How To Manage And Handle An Aggressive Dog

Managing an aggressive dog can be stressful. Aggressive dogs can become dangerous if not handled correctly, so there is a lot at stake. In this part of our series on dog aggression, we will help you learn how to manage an aggressive dog by looking at several techniques that can be used.

Exercise and enrichment

Providing your dog with opportunities for exercise and enrichment is one way to manage aggression. Many dogs don’t get enough stimulation in their lives or get inappropriate forms of stimulation. This can lead to problematic behavior. As the behavior worsens, owners may be even more reluctant to walk them and this further exacerbates the problem.

Dogs who don’t have opportunities for mental and physical exercise are likely to become frustrated and agitated. Therefore, it is important for owners of aggressive dogs to learn how to manage an aggressive dog with physical exercise without risking harm to other people or dogs. 

Exercise is important not just for burning off excess energy. It is also helpful in raising levels of norepinephrine in the brain and releasing endorphins that can help calm dogs. Experts recommend at least 30 minutes of aerobic exercise for a dog each day.

Mental stimulation is also important for aggressive dogs, especially when their opportunities for physical exercise are limited. Enrichment can help by improving problem-solving skills, strengthening the dog-owner bond, and increasing the dog’s skill set. Activities that encourage mental stimulation should be part of your dog’s normal routine.

Preventing inappropriate behavior

Aggressive dogs have learned to react to stimuli that usually result in unpleasant encounters in certain ways. Environments and contexts in which unfamiliar dogs and people might appear are likely to set off a reaction in aggressive dogs even if the actual trigger does not occur.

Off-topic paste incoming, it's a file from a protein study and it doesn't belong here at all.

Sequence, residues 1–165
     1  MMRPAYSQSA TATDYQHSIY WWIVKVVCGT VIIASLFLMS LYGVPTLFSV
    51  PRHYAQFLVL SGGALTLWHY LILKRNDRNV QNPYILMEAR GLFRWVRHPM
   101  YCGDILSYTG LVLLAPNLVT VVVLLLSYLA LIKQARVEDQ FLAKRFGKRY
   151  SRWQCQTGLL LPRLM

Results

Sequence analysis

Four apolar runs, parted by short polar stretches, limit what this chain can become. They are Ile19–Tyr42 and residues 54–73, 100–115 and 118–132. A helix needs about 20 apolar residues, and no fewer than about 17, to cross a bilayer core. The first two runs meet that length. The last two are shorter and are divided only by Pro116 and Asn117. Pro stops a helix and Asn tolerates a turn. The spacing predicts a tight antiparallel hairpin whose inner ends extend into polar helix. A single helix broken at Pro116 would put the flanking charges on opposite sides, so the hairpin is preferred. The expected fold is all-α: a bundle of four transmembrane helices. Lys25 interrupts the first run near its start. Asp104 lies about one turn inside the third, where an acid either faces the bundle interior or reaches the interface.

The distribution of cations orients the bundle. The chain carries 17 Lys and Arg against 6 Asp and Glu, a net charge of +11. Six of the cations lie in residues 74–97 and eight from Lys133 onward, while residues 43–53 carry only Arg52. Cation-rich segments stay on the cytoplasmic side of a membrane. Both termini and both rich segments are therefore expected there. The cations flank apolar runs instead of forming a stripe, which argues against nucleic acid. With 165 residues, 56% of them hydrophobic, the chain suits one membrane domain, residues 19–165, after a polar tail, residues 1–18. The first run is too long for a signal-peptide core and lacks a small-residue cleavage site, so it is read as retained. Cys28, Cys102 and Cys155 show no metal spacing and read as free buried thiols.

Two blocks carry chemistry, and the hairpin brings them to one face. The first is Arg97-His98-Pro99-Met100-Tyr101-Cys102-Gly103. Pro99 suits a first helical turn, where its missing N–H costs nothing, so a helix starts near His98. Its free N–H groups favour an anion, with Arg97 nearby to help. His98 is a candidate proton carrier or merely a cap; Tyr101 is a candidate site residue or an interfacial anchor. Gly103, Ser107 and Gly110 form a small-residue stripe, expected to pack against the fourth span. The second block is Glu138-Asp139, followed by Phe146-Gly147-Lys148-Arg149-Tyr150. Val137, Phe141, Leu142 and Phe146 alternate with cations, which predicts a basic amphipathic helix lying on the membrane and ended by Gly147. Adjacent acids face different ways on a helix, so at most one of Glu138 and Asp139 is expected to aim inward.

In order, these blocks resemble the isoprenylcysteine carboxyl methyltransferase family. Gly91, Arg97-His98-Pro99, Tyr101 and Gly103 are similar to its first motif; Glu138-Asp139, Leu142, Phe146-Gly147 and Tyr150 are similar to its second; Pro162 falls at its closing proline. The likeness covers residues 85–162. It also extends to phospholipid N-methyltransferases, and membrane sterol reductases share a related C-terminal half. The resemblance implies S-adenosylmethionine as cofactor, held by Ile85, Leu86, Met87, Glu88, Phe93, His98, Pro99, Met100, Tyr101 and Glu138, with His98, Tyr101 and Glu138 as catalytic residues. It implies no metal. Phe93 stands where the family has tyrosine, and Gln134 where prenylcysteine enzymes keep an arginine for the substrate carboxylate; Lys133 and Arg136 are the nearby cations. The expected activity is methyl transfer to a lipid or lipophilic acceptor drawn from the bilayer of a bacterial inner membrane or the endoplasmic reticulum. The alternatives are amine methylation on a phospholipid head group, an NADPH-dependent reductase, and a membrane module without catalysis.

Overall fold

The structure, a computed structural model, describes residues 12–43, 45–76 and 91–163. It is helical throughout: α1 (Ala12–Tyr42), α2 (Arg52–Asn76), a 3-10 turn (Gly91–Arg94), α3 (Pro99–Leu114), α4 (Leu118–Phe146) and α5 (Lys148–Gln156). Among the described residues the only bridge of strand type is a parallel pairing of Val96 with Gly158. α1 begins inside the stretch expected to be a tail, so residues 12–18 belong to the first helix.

It is difficult to know how to handle an aggressive dog in order to prevent inappropriate behavior. The best course of action is to remove your dog temporarily from these contexts. Avoidance helps condition your dog to respond more appropriately and behave in more desired ways. It also reduces the risk of injury to other people and dogs.

During the initial rehabilitation process, dogs should not be exposed to any stimuli that might trigger an aggressive response. Whatever environments cause aggressive responses should be avoided or altered. This can be accomplished by keeping the dog beyond its threshold distance for the stimulus, minimizing car rides if they cause aggression, crating the dog, or blocking windows.

Aggressive dogs can be fitted with a head collar and dragline to interrupt inappropriate behavior. They should be confined before visitors arrive in a way that they cannot see the doorway. You can let them out under supervision and on a leash with a head collar if the aggression ends after the visitor enters the home.